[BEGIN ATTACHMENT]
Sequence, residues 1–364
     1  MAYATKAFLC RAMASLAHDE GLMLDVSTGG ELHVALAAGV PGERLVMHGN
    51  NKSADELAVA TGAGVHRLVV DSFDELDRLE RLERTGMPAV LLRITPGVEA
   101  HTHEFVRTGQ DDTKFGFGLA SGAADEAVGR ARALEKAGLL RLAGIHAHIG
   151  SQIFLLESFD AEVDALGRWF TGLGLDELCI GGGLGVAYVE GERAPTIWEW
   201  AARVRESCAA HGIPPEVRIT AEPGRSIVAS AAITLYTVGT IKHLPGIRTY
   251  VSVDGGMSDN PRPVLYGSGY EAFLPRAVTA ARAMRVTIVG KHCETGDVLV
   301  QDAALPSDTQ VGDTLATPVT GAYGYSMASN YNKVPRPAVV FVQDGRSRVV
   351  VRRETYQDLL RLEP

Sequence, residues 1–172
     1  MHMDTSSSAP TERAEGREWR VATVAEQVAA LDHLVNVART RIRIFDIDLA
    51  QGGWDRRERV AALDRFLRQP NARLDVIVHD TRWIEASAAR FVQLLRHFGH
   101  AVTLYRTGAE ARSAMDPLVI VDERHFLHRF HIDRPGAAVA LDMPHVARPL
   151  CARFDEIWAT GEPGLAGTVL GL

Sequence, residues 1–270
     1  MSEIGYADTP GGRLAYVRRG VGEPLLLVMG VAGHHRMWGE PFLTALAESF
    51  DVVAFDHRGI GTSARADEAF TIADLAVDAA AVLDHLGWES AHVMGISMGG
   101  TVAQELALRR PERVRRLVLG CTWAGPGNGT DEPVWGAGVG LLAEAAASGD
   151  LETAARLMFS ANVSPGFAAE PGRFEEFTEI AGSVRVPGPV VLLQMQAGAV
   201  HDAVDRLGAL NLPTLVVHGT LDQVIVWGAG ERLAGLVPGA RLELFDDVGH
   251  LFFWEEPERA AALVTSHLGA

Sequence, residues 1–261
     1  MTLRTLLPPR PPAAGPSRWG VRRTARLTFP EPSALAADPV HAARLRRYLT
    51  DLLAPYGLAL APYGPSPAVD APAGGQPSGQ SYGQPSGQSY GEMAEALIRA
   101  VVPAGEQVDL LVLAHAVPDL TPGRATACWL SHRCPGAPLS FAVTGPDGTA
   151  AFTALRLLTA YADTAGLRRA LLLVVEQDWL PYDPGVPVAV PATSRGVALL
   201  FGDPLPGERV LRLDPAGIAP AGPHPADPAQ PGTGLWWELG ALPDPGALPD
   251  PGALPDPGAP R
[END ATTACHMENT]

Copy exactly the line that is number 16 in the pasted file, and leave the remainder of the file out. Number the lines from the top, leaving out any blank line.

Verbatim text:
     1  MSEIGYADTP GGRLAYVRRG VGEPLLLVMG VAGHHRMWGE PFLTALAESF